Round Up Cattle

The Sextons have kept historical structures on the ranch intact, all built with vernacular materials and workmanship and maintained in their original state. Treasure Hammock Ranch contains examples of a historic barn, a dipping vat, butchering pen, a one-of-a-kind wooden squeeze chute, swiveled swinging gates introduced by Waldo, all which are still in use for 81 years. A set of mechanical cattle scales are still certified and operating since the 1950s.

Cattle at Sunset

Sean Sexton has combined his love of the land with his creative writing and art talents. Since 1973, he has kept journal-sketch books drawn from his life, particularly of scenes on the ranch. He was awarded an Individual Artist’s Fellowship from the State of Florida and was a presenter at the National Grazing Lands Coalition Conference speaking about the subject of art and agriculture. In addition, Sean has been a regular performer at the National Cowboy Poetry Gathering in Elko, Nevada. In 2016, Indian River County named Sean as its first Poet Laureate. Sean stays heavily involved in the Laura Riding Jackson Foundation, a local literary organization, as a board member and founding chairman of the Annual Poetry and Barbeque event where he selects and invites poets from around the U.S. to perform.

Mike Sexton has been passing on his love of the land also. When Mike isn’t working on the ranch or selling real estate, his wife Chandler MacWilliam Sexton and his three children; daughter Emerson “Emmy” Tate, son Ralph “Mac” and daughter Rymer spend family time at the ranch several days a week. In 2013, Treasure Hammock Ranch and Farmstead became a National Historic Site and was added to the National Register of Historic Places. In July of 2023, the Sexton family received approval for a Historical Marker on the site and fifth generation Sexton, Emmy Tate, pulled the cord to reveal the new marker.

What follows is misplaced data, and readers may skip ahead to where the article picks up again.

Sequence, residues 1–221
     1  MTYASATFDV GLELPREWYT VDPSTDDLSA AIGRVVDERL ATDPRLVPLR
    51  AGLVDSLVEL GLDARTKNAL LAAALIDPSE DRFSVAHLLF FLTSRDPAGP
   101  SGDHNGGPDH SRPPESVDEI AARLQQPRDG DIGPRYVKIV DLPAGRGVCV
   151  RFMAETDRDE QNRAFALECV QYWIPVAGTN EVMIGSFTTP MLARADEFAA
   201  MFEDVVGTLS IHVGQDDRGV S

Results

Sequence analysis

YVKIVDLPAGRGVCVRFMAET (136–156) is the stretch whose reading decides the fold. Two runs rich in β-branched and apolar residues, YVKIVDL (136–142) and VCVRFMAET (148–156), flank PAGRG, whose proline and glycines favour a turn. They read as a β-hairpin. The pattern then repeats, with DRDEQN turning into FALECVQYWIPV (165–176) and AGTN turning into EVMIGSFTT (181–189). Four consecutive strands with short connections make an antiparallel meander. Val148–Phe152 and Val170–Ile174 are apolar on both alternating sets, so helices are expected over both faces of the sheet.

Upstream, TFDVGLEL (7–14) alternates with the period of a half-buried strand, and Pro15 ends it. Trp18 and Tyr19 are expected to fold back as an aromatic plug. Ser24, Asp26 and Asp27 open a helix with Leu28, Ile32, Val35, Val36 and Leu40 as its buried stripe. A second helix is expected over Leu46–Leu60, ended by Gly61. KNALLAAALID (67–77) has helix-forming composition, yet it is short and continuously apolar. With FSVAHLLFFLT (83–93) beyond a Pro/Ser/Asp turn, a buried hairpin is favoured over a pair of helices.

The Sextons believe in sharing their heritage with others and regularly open the ranch to visitors. Members of the Pelican Island Audubon Society have conducted bird searches on the property, and the Florida Native Plant Society has also arranged field trips. Lifelong Learning students from Indian River State College have visited as well as members of the Indian River Land Trust. Children from Indian River public schools also visit including kindergarteners. Every year, prior to the school F-CAT tests, fourth graders come to the ranch to learn about local history.

Often, you might see artists from near and far, including Sean, spending time capturing the amazing flora and fauna of this unique Florida landscape. Indeed, Treasure Hammock Ranch is truly a treasure.

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Alex "AMAC" MacWilliam IV

It was bound to happen the day Alex MacWilliam, IV was born…the Alex MacWilliam Real Estate family legacy would carry on. Fast forward to September 2013, when Alex IV joined the firm, and the famil....